Prime Minister Fumio Kishida on Friday vowed to transform the Japanese economy by implementing a “new model of capitalism” — identifying growth and the distribution of wealth as “mutually necessary” — while also promising to expand the middle class.
In his first speech to the national legislature after assuming the Prime Minister’s Office on Monday, the nation’s 100th prime minister said he will continue to push for Japan to emerge from deflation and identified the “three arrows” from economic plans developed under former Prime Minister Shinzo Abe — aggressive monetary policy, fiscal consolidation and growth strategy — as his administration’s overall macroeconomic policy management.
He also promised massive investments in science and technology and attempted to engage with the public by sharing personal anecdotes and reflections on the pandemic.
During the roughly 40-minute speech in the lower chamber of the Diet, opposition lawmakers relentlessly jeered the new leader to the point where, at times, the audience struggled to hear Kishida. Opposition lawmakers also hissed when Kishida stressed the importance of dialogue, likely due to the prime minister’s unwillingness to hold a budget committee meeting, where they would be given an opportunity to grill him and his Cabinet members in a quasi-debate. The opposition has also criticized his proposal to establish a committee to discuss economic policies, calling it “too broad.”
Kishida, however, maintained his composure and rattled off his pre-written speech in a loud voice, although toward the end his voice sounded hollow and he misread a word. The ruling party lawmakers screamed in approval and applauded when he argued for a ban on nuclear weapons.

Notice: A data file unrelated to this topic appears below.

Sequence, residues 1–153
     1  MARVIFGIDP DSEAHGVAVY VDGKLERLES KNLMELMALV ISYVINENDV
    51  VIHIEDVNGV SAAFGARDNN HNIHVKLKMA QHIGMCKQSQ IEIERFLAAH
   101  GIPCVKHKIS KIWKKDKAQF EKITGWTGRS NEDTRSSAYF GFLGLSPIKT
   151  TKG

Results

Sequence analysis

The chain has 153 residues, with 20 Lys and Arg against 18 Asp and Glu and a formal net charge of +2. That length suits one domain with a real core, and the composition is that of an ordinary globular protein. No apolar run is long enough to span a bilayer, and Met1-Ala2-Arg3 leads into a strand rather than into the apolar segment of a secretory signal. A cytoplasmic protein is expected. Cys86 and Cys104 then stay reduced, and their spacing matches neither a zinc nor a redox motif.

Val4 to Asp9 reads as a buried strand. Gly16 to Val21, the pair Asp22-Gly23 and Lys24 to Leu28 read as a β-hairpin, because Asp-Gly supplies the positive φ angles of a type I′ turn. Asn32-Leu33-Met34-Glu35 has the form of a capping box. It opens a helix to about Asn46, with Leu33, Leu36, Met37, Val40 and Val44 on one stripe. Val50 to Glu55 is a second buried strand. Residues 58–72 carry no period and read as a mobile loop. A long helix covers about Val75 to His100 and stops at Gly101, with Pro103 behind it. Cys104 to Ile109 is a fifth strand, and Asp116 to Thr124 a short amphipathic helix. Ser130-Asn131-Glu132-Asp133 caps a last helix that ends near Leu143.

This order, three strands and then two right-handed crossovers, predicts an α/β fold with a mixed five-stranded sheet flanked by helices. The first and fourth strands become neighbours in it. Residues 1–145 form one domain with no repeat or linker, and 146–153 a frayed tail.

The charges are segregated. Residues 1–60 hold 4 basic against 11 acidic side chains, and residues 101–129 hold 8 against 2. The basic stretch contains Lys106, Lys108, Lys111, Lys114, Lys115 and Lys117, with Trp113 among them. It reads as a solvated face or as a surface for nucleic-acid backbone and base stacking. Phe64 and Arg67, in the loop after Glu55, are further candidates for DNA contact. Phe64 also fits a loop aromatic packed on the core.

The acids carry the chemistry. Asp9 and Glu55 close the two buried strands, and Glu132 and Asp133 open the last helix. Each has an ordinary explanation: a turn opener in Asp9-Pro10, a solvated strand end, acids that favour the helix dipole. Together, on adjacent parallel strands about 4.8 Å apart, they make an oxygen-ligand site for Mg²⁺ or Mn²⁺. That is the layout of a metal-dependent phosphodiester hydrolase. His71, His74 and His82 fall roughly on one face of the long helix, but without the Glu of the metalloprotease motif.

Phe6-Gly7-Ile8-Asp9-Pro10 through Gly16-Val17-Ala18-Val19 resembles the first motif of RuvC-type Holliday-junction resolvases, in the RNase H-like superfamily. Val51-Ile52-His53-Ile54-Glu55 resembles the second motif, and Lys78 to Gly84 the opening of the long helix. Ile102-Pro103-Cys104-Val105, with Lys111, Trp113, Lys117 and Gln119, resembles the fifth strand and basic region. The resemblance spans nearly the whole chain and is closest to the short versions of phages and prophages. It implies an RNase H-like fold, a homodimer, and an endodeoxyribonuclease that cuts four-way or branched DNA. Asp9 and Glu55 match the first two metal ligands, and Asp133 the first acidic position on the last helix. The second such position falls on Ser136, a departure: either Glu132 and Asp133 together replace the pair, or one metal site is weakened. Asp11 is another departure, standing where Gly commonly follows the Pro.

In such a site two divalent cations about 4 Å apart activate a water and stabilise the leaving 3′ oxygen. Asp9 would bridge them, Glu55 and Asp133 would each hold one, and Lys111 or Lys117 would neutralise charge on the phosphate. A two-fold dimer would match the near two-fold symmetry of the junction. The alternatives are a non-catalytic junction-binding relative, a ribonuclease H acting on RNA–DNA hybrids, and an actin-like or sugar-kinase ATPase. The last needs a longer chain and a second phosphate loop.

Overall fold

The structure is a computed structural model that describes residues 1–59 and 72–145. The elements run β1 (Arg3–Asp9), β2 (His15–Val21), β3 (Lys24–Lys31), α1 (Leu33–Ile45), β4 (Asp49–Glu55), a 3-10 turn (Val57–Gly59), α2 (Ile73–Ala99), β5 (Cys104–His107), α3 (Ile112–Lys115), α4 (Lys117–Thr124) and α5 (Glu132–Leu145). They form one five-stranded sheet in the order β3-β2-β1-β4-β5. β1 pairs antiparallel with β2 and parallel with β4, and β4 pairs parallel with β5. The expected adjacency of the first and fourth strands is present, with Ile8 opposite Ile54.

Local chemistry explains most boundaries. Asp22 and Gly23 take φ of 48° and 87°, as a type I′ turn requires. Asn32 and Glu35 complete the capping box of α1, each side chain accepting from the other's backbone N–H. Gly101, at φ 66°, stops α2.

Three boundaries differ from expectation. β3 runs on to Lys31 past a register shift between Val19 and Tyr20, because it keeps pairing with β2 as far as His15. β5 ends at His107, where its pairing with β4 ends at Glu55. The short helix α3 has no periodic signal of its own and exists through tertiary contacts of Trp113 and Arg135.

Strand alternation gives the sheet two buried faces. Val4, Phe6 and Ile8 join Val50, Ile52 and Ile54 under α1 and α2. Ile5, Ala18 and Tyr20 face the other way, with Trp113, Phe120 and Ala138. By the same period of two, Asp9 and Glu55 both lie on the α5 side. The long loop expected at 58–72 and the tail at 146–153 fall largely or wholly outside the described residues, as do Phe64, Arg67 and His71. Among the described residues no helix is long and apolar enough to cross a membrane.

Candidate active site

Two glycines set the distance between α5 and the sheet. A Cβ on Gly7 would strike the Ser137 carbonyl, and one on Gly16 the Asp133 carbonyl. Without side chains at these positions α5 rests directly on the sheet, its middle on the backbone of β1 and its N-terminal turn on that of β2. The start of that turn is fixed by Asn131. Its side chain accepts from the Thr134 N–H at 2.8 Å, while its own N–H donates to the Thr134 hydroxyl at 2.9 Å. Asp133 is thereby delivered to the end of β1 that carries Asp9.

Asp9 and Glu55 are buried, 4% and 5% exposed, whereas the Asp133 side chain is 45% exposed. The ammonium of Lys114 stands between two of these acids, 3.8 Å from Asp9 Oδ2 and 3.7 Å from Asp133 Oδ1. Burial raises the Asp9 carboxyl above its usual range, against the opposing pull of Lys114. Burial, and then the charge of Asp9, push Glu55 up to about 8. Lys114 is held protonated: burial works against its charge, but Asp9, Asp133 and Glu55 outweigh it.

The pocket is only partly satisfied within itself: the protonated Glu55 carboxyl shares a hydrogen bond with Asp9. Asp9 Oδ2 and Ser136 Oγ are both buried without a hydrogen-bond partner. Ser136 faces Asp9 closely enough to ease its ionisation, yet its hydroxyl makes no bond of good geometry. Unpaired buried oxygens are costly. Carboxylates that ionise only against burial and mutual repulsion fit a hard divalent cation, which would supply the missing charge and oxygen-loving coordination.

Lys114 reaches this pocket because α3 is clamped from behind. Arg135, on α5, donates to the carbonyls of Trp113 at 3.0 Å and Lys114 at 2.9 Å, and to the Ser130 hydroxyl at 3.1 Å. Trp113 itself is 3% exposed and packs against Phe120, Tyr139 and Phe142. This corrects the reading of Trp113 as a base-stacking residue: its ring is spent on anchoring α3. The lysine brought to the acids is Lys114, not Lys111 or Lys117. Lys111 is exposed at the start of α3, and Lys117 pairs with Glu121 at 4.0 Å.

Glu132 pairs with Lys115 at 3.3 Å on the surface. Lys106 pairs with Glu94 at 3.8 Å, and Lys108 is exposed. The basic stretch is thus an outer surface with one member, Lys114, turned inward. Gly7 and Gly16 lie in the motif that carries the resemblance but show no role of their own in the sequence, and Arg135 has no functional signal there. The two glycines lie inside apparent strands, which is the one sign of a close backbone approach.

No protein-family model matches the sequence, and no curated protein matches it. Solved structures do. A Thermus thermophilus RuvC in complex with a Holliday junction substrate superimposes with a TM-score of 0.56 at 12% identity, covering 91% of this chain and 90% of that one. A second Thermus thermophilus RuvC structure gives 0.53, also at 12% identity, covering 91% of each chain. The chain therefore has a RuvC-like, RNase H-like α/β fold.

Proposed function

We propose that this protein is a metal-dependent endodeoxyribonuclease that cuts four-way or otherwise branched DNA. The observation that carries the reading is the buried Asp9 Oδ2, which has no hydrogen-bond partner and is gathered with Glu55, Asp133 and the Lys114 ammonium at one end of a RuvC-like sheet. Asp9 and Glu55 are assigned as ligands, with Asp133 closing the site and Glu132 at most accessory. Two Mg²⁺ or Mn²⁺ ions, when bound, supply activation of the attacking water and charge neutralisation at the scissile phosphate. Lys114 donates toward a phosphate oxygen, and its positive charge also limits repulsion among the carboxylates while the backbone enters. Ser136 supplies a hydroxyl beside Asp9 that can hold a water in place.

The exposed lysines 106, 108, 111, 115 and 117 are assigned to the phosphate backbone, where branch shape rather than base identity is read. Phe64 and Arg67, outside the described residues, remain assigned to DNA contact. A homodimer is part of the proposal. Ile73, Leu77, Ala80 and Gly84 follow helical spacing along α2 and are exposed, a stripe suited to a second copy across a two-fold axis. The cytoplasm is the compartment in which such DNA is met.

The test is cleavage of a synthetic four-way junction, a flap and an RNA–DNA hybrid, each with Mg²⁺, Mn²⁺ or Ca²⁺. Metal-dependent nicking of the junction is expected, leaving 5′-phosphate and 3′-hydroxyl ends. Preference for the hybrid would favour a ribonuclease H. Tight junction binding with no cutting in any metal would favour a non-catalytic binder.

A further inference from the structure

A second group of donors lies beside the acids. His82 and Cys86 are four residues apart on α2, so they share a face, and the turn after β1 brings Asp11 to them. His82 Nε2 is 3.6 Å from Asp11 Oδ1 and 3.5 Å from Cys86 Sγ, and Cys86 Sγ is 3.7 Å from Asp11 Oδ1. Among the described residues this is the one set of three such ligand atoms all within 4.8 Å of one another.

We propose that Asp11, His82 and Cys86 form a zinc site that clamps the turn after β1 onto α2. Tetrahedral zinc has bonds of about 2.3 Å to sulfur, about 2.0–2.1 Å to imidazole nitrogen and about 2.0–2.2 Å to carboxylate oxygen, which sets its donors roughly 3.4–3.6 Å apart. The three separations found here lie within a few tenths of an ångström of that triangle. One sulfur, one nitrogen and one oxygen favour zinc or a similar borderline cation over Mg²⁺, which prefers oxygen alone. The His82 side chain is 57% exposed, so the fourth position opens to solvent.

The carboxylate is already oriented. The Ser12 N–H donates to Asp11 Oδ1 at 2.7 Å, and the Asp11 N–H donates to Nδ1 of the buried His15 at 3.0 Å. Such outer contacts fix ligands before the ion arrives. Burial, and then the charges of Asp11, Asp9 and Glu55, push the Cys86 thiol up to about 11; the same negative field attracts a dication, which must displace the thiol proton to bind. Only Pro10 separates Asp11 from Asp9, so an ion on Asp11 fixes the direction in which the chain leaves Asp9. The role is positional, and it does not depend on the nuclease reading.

Here are some of the policy areas that Kishida touched on in the speech:
Despite his allusions to the Abenomics policy mix, Kishida noted that the neoliberal policies that Japan has embraced have created a division between the rich and the poor. The world, he noted, is shifting toward protecting the middle class and embracing massive spending both by governments and the private sector in preparation for crises such as climate change.
“What’s important is creating a positive cycle of growth and distribution,” Kishida said. “We’ll implement various policies to achieve both.”
Kishida has called for founding a roughly ￥10-trillion fund to bolster research at universities as well as massive investments to develop cutting-edge technology in areas such as the digital sphere, the environment, artificial intelligence and space exploration. In addition, Kishida promised to modernize digital infrastructure in rural areas and facilitate the installation of 5G networks.
At the same time, Kishida pushed for tax benefits for companies that raise wages, further support for education and housing costs for families with young children and efforts to increase wages for nurses and nursing care and child care workers. A new council dedicated to hammering out the specifics of these plans will be created, but the prime minister did not provide specifics on funding for these programs.
During the speech, Kishida stressed the importance of listening to people’s opinions and soliciting trust and sympathy — the two key elements an aide described as critical for the leader — in order to move forward with his agenda. He touched on the divide brought on by economic inequalities, which he said cast a spotlight on the importance of unity among family members and friends. To weather the crisis, he said, “it’s time to call on the power of unity.”